> >>
 > >>  6.1 ('column-span') implies that any block-level descendent of a column
 > >>  box can be a spanner.  Such an unrestricted model doesn't make much
 > >>  sense to me.  Surely only elements which participate in the block
 > >>  formatting context of one of the columns should be allowed to span. What
 > >>  are the use cases for allowing spanning from within a nested BFC such as
 > >>  an inline-block, an overflow-scroll element, a float or an abspos element?
 > >
 > > I agree that is should be restricted. It should probably be expressed
 > > in the prose. Perphaps we could change this:
 > >
 > >      The element spans across all columns.
 > >
 > > to
 > >
 > >      The element spans across all columns of the nearest multicol
 > >      ancestor of the same block formatting context.
 > Possibly s/ancestor of/ancestor in/ but OK.


 > >>  Issue 12:
 > >>
 > >>  6.1 ('column-span') and 7.1 ('column-fill') define the computed value of
 > >>  the respective properties to be "as specified".  This is the vague
 > >>  terminology of CSS 2.1 and I think that the level 3 specs should avoid
 > >>  it.  Does it mean "the specified value" as per the properties defined in
 > >>  5.1 for example, or does it mean "as described in the prose"?
 > >
 > > It means "specified value" and should probably be changed to just that.
 > OK.  Let's do that.


 > >>  Issue 13:
 > >>
 > >>  6.1 ('column-span'), Example XX contains a typo: "the first sentence in
 > >>  the fourth sentence".
 > >
 > > Indeed, it should read "... after the fourth sentence ...".
 > This doesn't make any more sense to me!  I think it should be "in the 
 > fourth A-z string" or somesuch. (Some of the A-z strings are subdivided 
 > into two sentences.)  Or possibly:
 > s/after the first sentence in the fourth sentence/after the sixth sentence/

You are right. I should practice counting sentences more often. Fixed.

 > >>  Issue 14:
 > >>
 > >>  6.1 ('column-span'), Example XXI demonstrates how UAs may choose not to
 > >>  make an element spanning if there is "no room" to do so.  However, the
 > >>  example shows the "obvious" case; it would be more enlightening if it
 > >>  showed the less obvious case in which the columns do not need to
 > >>  overflow when the heading (possibly initiated in the first or second
 > >>  column) is non-spanning but where the columns would overflow were the
 > >>  heading allowed to span.
 > >
 > > I see your point. I'd like to keep the current example (which will
 > > happen more often than the case you are describing) but we could add
 > > another example.
 > OK great.


I've also added an exmple that shows how spanners are kept in paged mode.

 > >>  Issue 15:
 > >>
 > >>  What is the relationship between the 'column-fill' property (7.1) and
 > >>  the break properties (5) for example as demonstrated in 8.2 Example
 > >>  XXIV?  Presumably balance is disrupted in the presence of an explicit
 > >>  break, but how exactly?
 > >
 > > Explicit column breaks are honored, even if 'column-fill: balance' is
 > > specified. Just like 'widows', 'orphans', margins, padding, borders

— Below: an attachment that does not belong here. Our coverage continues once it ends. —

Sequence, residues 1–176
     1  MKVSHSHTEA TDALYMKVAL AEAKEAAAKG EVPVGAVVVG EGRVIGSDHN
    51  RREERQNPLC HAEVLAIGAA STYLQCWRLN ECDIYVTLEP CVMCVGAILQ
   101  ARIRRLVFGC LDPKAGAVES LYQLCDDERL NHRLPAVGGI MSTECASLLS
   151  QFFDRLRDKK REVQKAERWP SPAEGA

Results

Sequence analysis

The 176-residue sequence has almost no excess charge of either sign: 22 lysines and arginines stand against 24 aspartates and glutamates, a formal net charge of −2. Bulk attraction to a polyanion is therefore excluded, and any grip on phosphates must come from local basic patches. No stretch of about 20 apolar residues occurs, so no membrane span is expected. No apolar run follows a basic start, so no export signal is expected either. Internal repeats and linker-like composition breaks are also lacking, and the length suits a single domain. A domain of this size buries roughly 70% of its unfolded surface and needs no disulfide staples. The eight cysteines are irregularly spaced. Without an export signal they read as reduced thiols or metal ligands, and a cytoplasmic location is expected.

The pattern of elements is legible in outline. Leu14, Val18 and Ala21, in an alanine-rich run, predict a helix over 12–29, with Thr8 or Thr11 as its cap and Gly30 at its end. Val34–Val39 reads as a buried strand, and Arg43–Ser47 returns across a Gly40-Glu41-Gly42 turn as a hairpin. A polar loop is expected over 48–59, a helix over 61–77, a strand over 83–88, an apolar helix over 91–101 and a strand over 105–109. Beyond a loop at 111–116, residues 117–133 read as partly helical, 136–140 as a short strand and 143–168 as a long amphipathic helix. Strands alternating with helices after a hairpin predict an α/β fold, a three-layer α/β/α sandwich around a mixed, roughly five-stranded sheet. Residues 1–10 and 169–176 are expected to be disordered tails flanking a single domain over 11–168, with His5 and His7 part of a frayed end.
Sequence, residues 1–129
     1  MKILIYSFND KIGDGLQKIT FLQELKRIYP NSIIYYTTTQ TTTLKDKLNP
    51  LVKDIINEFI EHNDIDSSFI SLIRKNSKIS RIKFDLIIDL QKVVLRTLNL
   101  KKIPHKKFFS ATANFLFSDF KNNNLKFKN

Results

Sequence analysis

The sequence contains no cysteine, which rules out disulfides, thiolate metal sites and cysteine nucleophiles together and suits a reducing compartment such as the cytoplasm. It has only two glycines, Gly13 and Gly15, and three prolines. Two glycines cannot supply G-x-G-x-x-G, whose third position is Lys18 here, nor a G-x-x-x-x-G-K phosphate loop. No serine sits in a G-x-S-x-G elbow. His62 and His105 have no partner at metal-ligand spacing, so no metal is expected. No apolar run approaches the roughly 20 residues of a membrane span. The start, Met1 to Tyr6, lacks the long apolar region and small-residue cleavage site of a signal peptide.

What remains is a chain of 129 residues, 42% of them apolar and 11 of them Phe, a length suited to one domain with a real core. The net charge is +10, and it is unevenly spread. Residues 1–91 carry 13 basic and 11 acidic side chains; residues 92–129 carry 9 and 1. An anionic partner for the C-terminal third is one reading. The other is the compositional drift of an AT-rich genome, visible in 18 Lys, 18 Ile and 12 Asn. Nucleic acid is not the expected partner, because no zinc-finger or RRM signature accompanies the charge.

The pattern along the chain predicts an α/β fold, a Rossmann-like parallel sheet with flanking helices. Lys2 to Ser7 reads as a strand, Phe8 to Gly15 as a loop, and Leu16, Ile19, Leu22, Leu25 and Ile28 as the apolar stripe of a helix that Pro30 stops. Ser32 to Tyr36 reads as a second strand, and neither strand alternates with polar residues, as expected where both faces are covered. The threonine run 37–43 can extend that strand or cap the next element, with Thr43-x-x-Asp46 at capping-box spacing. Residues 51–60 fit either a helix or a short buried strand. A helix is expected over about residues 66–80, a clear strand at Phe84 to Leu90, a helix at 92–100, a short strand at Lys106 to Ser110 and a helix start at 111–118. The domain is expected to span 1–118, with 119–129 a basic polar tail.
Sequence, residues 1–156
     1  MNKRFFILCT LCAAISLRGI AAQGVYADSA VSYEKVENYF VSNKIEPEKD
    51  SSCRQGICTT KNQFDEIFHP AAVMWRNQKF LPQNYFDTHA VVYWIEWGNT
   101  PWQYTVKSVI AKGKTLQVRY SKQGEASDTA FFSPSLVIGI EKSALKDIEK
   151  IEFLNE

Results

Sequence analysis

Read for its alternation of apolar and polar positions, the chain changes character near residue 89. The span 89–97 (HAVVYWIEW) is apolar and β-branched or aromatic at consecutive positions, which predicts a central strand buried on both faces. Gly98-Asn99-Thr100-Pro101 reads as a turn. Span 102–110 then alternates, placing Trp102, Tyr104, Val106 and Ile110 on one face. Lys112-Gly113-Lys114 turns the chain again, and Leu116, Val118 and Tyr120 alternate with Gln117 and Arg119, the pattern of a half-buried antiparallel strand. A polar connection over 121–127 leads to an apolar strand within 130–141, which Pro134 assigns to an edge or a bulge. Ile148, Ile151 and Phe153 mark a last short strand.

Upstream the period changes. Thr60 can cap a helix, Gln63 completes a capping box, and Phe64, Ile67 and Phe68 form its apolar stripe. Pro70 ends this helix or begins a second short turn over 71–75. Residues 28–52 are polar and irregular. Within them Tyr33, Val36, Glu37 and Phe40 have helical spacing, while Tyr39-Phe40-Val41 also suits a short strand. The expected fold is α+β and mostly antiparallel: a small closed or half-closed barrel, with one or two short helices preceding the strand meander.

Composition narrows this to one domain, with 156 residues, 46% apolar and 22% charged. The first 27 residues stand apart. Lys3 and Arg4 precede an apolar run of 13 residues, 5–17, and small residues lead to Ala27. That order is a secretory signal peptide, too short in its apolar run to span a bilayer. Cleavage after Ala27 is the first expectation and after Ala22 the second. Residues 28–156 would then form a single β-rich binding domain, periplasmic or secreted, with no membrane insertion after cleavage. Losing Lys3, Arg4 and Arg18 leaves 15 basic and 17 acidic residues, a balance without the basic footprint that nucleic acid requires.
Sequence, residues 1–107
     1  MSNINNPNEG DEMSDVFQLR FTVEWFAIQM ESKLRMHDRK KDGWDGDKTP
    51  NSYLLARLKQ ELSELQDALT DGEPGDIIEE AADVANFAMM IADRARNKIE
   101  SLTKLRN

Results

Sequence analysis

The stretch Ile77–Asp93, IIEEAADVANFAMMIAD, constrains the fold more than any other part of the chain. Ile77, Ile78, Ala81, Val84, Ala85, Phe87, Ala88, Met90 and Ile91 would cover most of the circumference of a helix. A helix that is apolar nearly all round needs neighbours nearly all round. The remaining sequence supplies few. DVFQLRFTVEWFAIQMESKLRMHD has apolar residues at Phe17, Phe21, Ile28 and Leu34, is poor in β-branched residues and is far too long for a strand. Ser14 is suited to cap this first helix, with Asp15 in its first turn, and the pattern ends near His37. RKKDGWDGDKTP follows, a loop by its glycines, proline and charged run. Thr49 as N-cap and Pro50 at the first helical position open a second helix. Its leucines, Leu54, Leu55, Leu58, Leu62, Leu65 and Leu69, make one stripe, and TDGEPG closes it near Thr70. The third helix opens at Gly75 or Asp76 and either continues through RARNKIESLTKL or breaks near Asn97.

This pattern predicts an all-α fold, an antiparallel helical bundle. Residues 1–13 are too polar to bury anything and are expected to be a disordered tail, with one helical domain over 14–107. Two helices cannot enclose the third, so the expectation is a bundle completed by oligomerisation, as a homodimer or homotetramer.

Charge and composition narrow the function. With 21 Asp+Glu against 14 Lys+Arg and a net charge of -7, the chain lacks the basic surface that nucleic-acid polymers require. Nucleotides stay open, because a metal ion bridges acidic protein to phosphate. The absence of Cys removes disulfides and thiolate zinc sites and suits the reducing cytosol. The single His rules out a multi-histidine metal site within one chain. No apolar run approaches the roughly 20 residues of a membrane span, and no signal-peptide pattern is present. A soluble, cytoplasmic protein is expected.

> > etc. are honored, even if this can disrupt balance.
 > >
 > > So, setting 'column-fill: balance' is more about choosing one of two
 > > possible strategies when adding content, than to get exactly the same
 > > column lengths. This is expressed in the paragraph:
 > >
 > >    There are two strategies for filling columns: columns can either be
 > >    balanced, or not. If columns are balanced, UAs should minimize the
 > >    variation in column length. Otherwise, columns are filled
 > >    sequentially and some columns may end up partially filled, or with
 > >    no content at all. In any case, the user agent should try to honor
 > >    the ‘widows’ and ‘orphans’ properties.
 > >
 > > One may argue that column breaks etc. should be added to the last
 > > sentence.
 > I do think it would be useful to mention them:
 >    | In any case, the user agent must honor forced breaks and forced
 >    | break avoidance, and should try to honor the ‘widows’ and ‘orphans’
 >    | properties.
 > (Note that the spec wording makes it seem like forced column breaks and 
 > forced break avoidance are mandatory.  If that's not the case then the 
 > spec needs to say so and the proposed sentence above obviously needs 
 > tweaking.)

I don't think we can mandate forced break avoidance. A very long
paragraph with 'break-inside: avoid' must be broken at some point.

I've reworded the sentence to say:

  In any case, user agents must honor forced page breaks and should
  try to honor 'widows', 'orphans' and other properties that may
  affect column lengths.

 > > But I don't see how we can make the spec more specific.
 > >
 > > There is also a separate discussion on the last part of 7.1.
 > >
 > >    http://lists.w3.org/Archives/Public/www-style/2011Dec/0100.html
 > OK, I agree that "If columns are balanced, UAs should minimize the 
 > variation in column length." is pretty clear about the intent.  But is 
 > it true that reducing the number of overflow columns wins over the need 
 > for balance (and in particular no balancing is attempted whatsoever if 
 > the number of column breaks in an unconstrained multicol in continuous 
 > media contains a number of column breaks equal or greater than one fewer 
 > than the number of non-overflow columns)?
 > I think that the spec should modify the sentence just mentioned to